10551Re: Transit pass - Best Weapon Against Climate Change?
- Oct 26, 2007Next to "clearing and clearcutting of land" you may also add up the
fossil fuel use for transporting, farming, warming and other processes
used for meat (but also other foods) production. Certainly every human
activity is disrupting of the natural processes, especially if it is
in industrial mass scale. However concentrating attention on cow
bleeches and comparing them to fossil fuels emissions is misleading,
because it is comparing problems of different scale and of different
nature. If tomorrow humanity and every human activity would disappear,
it will take months to return to the previous methane concentration
levels, but thousands or million years to return the extracted fossil
fuels carbon back to undrground deposits.
The problems of biofuels are more complicated (and include also food
prices, deforestation etc). But I see very often this line of argument
- comparing a big harm with a less one, so that it may more easily
accepted. It is like saying: "if you are against car use, you
shouldn't eat meat either". However (apart from the previous explained
fallacy of this approach) meat consumption is not limitless (modern
medicine is already suggesting to avoid it) while car use (and other
energy intense devices) may become virually limitless.
Almost every human activity is nowadays unsustainable. The difference
is that some can become easily sustainable, some less easily and some
is imposible to become sustainable at all (e.g. the wastful car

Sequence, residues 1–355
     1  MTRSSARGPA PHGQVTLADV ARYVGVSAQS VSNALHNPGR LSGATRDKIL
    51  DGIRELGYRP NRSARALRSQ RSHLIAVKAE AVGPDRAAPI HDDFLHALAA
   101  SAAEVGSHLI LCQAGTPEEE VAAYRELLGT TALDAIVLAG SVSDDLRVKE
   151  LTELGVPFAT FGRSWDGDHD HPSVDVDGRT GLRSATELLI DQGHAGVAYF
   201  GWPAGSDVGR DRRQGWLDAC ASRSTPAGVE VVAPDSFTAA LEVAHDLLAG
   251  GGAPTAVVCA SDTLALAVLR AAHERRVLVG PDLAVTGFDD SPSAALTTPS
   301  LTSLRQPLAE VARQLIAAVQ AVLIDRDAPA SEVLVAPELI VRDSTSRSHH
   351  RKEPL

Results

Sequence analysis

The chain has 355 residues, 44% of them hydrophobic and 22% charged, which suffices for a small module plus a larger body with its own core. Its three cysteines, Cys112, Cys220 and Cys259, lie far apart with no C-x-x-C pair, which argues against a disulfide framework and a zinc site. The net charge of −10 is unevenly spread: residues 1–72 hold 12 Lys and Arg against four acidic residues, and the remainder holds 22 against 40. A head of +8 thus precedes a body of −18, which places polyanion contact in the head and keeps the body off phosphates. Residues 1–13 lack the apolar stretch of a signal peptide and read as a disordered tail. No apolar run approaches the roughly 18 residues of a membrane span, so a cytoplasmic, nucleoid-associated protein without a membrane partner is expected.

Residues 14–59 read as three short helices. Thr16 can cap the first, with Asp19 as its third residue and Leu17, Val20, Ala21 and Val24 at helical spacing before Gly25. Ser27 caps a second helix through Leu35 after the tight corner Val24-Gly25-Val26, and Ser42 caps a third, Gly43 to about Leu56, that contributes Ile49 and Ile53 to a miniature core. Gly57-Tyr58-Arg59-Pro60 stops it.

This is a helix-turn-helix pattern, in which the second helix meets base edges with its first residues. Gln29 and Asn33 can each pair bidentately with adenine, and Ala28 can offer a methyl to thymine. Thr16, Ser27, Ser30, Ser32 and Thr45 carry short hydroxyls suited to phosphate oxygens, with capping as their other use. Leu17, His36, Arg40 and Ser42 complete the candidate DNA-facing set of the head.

priority traffic policy)
--- In firstname.lastname@example.org, Jym Dyer <jym@...> wrote:
> > I have never understood how someone can compare methane
> > emissions from animals with the carbon emissions from fossil
> > fuels. The former belongs to the carbon cycle part between
> > atmosphere and biosphere, which has a recycle time of few
> > months or years ...
> =v= While this is true, carbon is carbon. By industrializing
> animals' lifespans, humanity has contributed carbon and other
> gases to the atmosphere at a rate that exceeds the capacty of
> plant life to reabsorb it. Another piece of this, of course, is
> the clearing and clearcutting of land for these very processes.
> =v= I have seen the above line of argument advanced to support
> the use of biofuels, no matter how wasteful (e.g. to run cars).
> The problem is too serious to split hairs over which carbon is
> okay to burden the atmosphere with.
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